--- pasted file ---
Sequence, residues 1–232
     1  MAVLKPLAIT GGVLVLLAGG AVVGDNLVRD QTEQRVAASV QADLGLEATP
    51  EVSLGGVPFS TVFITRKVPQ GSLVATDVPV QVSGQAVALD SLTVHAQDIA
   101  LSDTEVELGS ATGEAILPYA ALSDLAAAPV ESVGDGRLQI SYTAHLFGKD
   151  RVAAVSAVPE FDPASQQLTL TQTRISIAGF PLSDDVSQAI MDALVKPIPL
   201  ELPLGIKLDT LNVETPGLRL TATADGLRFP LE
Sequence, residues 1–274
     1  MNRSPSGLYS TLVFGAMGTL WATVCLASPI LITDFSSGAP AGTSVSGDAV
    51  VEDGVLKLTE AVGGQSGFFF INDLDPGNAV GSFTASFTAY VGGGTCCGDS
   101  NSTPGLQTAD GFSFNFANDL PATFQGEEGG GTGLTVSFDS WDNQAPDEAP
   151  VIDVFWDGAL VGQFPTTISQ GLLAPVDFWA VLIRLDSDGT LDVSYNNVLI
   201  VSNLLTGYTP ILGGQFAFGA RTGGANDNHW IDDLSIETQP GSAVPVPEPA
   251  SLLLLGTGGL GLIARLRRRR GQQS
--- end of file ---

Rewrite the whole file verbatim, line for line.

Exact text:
Sequence, residues 1–232
     1  MAVLKPLAIT GGVLVLLAGG AVVGDNLVRD QTEQRVAASV QADLGLEATP
    51  EVSLGGVPFS TVFITRKVPQ GSLVATDVPV QVSGQAVALD SLTVHAQDIA
   101  LSDTEVELGS ATGEAILPYA ALSDLAAAPV ESVGDGRLQI SYTAHLFGKD
   151  RVAAVSAVPE FDPASQQLTL TQTRISIAGF PLSDDVSQAI MDALVKPIPL
   201  ELPLGIKLDT LNVETPGLRL TATADGLRFP LE
Sequence, residues 1–274
     1  MNRSPSGLYS TLVFGAMGTL WATVCLASPI LITDFSSGAP AGTSVSGDAV
    51  VEDGVLKLTE AVGGQSGFFF INDLDPGNAV GSFTASFTAY VGGGTCCGDS
   101  NSTPGLQTAD GFSFNFANDL PATFQGEEGG GTGLTVSFDS WDNQAPDEAP
   151  VIDVFWDGAL VGQFPTTISQ GLLAPVDFWA VLIRLDSDGT LDVSYNNVLI
   201  VSNLLTGYTP ILGGQFAFGA RTGGANDNHW IDDLSIETQP GSAVPVPEPA
   251  SLLLLGTGGL GLIARLRRRR GQQS